Bioaccumulation and correspondent biochemical response of lumbriculus variegatus by exposure to fullerenes (C60)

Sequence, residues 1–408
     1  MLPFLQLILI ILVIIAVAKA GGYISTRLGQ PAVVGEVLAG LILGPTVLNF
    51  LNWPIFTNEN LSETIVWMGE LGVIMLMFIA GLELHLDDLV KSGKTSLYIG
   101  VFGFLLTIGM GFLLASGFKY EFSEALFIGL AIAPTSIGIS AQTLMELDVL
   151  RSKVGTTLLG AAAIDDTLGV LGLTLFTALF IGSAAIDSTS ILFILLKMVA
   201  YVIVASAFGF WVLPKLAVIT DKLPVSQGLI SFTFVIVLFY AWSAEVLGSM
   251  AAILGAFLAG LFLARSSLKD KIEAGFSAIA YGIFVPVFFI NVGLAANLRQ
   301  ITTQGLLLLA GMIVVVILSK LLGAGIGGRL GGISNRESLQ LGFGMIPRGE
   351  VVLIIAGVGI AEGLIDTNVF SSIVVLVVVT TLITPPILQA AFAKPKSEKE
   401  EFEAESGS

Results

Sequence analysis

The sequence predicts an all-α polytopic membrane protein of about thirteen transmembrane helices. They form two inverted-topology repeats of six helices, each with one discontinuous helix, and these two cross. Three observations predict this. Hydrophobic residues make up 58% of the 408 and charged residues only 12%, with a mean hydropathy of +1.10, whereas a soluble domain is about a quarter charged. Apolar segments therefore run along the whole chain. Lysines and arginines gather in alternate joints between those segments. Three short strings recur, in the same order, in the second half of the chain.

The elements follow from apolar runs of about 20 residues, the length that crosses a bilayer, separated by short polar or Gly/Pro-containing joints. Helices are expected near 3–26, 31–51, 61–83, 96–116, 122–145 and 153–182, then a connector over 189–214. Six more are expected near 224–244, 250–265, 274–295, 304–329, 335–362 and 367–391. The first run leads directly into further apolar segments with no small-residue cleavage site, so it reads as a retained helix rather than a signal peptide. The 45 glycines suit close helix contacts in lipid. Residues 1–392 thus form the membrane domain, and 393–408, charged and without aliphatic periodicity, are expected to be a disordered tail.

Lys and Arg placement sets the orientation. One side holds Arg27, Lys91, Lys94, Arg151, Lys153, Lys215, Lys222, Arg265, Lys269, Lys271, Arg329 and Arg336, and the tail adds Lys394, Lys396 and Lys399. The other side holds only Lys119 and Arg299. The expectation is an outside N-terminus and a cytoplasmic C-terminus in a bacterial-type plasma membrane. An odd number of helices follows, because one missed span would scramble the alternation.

Nanotechnology is one of the most popular and promising technologies in this era. It has been developed from a novel concept to an integral aspect of product advancement. Engineered nanomaterials (NMs) have been massively produced and applied into groups of products, such as automotive, defense, aerospace, electronics and computers, energy production, environmental, food production, agriculture, housing and construction, medical devices, pharmaceuticals, personal care, cosmetics. In 1985, a spherical carbon allotrope fullerene (C60) was discovered by Kroto et al. It is a foundational carbon based NM, widely applied into products due to its physical and chemical properties. However, the likelihood of direct C60 release into the environment has increased due to its applications. In recent decades, research associated with potential C60 environmental and human health risks has been emphasized. However, environmental risks of C60 are not fully understood. This research evaluated the bioaccumulation and correspondent catalase (CAT) activity change in Lumbriculus variegatus exposed to C60. With the challenge to quantify C60 in our experimental matrix, a normal shaking method was developed in this study to extract C60 effectively. Recovery results revealed 90.7 ± 4.5 % efficiency using silanized glass vessels. With relatively low cost of the supplies, this method was applied throughout the subsequent bioaccumulation study. Since few studies have emphasized C60 uptake by organisms in the environment, bioaccumulation factors have not been determined for C60 to L. variegatus. With no mortality observed in the concentration range of 0.05 to 11.33 mg C60 / kg dry weight sediment, biota-sediment accumulation factor (BSAF) was determined. For C60 aggregates in micro-size ranges (µ-C60), BSAF was 0.032 ± 0.008 at day 28, while a negligible (0.003 ± 0.006) BSAF was associated with the bigger C60 aggregates (bulk-C60). In comparison, BSAF of pyrene at day 28 (1.62 ± 0.22) was measured as a reference to determine C60 accumulation risk in the environment. Results demonstrated a lower potential for C60 accumulation in L. variegatus than pyrene. However, size effect for C60 suggests smaller aggregates can increase the accumulation in living organisms. Although C60 shows little accumulation risk in the environment, biological response corresponding to C60 exposure was observed. CAT activity was evaluated after both C60 and pyrene exposure to L. variegatus. Results illustrated a significant CAT activity change (p=0.034) at day 14 for worms exposed to C60 aggregates. This elevation was associated with the highest C60 body residue (199 ± 80 µg/kg worm tissue). Worms exposed to pyrene showed no significant CAT activity change while 600-fold higher body residues were found as compared to C60. This suggests that L. variegatus is more susceptible to C60 even through accumulation risk is relatively low. Furthermore, the relationship between C60 body residues and increased CAT activity was analyzed in linear regression to predict biological risk to L. variegatus from exposure to C60. NMs also include other compounds besides C60, such as carbon-nanotubes (CNTs) and metal-based nanoparticles. Current research has demonstrated some potential environmental and human health risks from exposure to NMs due to their special properties. In order to prevent future adverse effects from nanotechnology, an integrated governance approach that is based on scientific research and life cycle assessment is suggested to formulate effective NMs regulation. Advanced scientific research, general public education and engagement, application of well defined agenda-setting theory in public policy are all important norms in this approach to push sustainable NMs management and to prevent any unfriendly accident due to NMs exposure. In sum, this research adds to the knowledge of C60 effects on aquatic invertebrates (Lumbriculus variegatus). Governance approach suggestion is summarized and helpful in a proactive NMs management to not only aquatic ecosystems but also human health.